An analysis of nanoscientists as public communicators

Anthony Dudo, LeeAnn Kahlor, Niveen AbiGhannam, Allison Lazard & Ming-Ching Liang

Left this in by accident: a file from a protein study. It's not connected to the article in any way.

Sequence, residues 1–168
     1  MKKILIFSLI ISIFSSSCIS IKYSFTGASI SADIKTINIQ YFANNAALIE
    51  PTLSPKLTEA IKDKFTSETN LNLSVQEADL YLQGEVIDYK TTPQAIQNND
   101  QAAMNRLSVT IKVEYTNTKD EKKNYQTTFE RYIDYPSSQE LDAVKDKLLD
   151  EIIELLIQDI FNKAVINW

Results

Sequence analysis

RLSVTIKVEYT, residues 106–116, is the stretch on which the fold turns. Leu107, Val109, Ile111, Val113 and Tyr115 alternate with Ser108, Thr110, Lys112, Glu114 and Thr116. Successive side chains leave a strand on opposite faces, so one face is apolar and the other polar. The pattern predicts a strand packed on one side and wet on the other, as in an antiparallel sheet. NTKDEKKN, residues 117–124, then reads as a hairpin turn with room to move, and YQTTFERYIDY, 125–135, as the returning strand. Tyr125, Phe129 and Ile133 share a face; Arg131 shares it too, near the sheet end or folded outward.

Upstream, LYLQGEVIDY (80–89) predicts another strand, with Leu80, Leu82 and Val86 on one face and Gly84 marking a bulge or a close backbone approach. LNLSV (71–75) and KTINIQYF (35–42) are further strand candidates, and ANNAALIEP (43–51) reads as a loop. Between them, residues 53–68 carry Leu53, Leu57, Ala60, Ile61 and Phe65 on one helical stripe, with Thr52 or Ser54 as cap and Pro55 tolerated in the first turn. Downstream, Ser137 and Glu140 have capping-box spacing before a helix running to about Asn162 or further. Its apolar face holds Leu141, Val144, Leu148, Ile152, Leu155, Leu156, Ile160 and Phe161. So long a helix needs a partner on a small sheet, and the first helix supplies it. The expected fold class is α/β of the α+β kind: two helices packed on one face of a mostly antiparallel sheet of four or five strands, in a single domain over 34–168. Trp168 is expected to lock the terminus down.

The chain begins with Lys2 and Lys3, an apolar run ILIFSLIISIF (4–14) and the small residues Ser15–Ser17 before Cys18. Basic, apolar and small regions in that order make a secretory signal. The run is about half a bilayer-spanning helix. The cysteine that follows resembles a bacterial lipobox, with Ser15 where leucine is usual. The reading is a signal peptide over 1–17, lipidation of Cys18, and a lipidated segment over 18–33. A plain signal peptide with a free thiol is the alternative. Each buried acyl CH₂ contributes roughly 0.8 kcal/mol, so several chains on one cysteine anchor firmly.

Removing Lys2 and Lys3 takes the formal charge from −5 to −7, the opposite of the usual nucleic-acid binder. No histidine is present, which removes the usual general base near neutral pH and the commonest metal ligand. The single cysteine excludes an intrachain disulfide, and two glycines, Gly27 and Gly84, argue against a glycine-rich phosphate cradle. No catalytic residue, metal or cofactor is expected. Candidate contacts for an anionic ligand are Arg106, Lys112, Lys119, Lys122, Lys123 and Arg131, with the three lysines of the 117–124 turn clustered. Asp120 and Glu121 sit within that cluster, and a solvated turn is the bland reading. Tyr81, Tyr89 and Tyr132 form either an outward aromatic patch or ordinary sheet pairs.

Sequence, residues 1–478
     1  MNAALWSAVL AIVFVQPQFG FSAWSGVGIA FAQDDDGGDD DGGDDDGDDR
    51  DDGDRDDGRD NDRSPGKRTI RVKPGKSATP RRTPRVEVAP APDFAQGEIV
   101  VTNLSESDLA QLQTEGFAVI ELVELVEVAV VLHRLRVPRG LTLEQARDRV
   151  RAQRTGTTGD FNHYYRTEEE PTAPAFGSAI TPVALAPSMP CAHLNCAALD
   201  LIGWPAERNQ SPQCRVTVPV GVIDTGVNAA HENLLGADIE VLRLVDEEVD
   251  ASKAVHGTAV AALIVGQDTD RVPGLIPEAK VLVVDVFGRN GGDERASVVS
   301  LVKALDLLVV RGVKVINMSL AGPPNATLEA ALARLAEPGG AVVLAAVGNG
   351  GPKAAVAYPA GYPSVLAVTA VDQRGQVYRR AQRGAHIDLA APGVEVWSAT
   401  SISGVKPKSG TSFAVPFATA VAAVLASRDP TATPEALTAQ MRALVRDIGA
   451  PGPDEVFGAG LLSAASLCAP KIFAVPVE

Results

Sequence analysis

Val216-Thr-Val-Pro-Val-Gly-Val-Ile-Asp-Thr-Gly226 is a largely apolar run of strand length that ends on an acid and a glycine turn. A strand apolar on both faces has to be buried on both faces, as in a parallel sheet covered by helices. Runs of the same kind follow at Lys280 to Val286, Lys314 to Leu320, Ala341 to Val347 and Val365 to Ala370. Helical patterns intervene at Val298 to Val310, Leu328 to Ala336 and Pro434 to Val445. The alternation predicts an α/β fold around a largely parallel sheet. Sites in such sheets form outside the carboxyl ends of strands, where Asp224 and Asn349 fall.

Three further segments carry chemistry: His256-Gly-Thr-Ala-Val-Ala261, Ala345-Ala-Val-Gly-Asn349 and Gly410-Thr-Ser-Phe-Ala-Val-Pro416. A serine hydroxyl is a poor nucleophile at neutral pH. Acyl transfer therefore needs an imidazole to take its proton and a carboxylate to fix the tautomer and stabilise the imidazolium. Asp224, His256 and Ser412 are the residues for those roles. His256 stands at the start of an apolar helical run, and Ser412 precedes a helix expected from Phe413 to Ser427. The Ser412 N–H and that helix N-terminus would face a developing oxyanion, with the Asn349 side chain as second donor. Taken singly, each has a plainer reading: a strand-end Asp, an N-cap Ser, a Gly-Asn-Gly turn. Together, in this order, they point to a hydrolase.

The American public remains unfamiliar with nanotechnology despite more than a decade of investment and development. Nanoscientists have an opportunity to contribute to public conversations about their work, and its potential implications, through their engagement with lay audiences and media professionals. Indeed, the leaderships of many professional scientific organizations have placed a renewed focus on the public communication of science, particularly in the light of drastic changes in the information landscape and the increasing politicization of many technological and scientific issues. However, we have a limited understanding of nanoscientists’ perceptions and behaviours regarding their participation in public communication. Here, we report survey results that provide an examination of the public communication behaviours of nanoscientists affiliated with the National Science Foundation’s (NSF) National Nanotechnology Infrastructure Network (NNIN), an integrated partnership of US research institutions designed to facilitate nanoscale research and development. Our results suggest that nanoscientists are relatively frequent public communicators who commonly associate their communication efforts with positive impacts on their professional success. We also identify a handful of characteristics that drive nanoscientists’ intentions to communicate with the public about nanotechnology.

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